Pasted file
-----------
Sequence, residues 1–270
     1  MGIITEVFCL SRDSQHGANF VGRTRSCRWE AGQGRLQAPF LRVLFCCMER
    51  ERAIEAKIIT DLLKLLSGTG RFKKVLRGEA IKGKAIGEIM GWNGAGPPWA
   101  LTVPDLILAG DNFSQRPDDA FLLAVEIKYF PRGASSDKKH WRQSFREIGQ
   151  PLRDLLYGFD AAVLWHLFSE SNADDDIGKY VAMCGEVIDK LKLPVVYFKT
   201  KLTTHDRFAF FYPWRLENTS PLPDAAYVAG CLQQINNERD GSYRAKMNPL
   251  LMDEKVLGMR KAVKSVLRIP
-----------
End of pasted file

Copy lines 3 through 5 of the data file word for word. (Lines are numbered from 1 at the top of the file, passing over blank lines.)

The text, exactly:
    51  ERAIEAKIIT DLLKLLSGTG RFKKVLRGEA IKGKAIGEIM GWNGAGPPWA
   101  LTVPDLILAG DNFSQRPDDA FLLAVEIKYF PRGASSDKKH WRQSFREIGQ
   151  PLRDLLYGFD AAVLWHLFSE SNADDDIGKY VAMCGEVIDK LKLPVVYFKT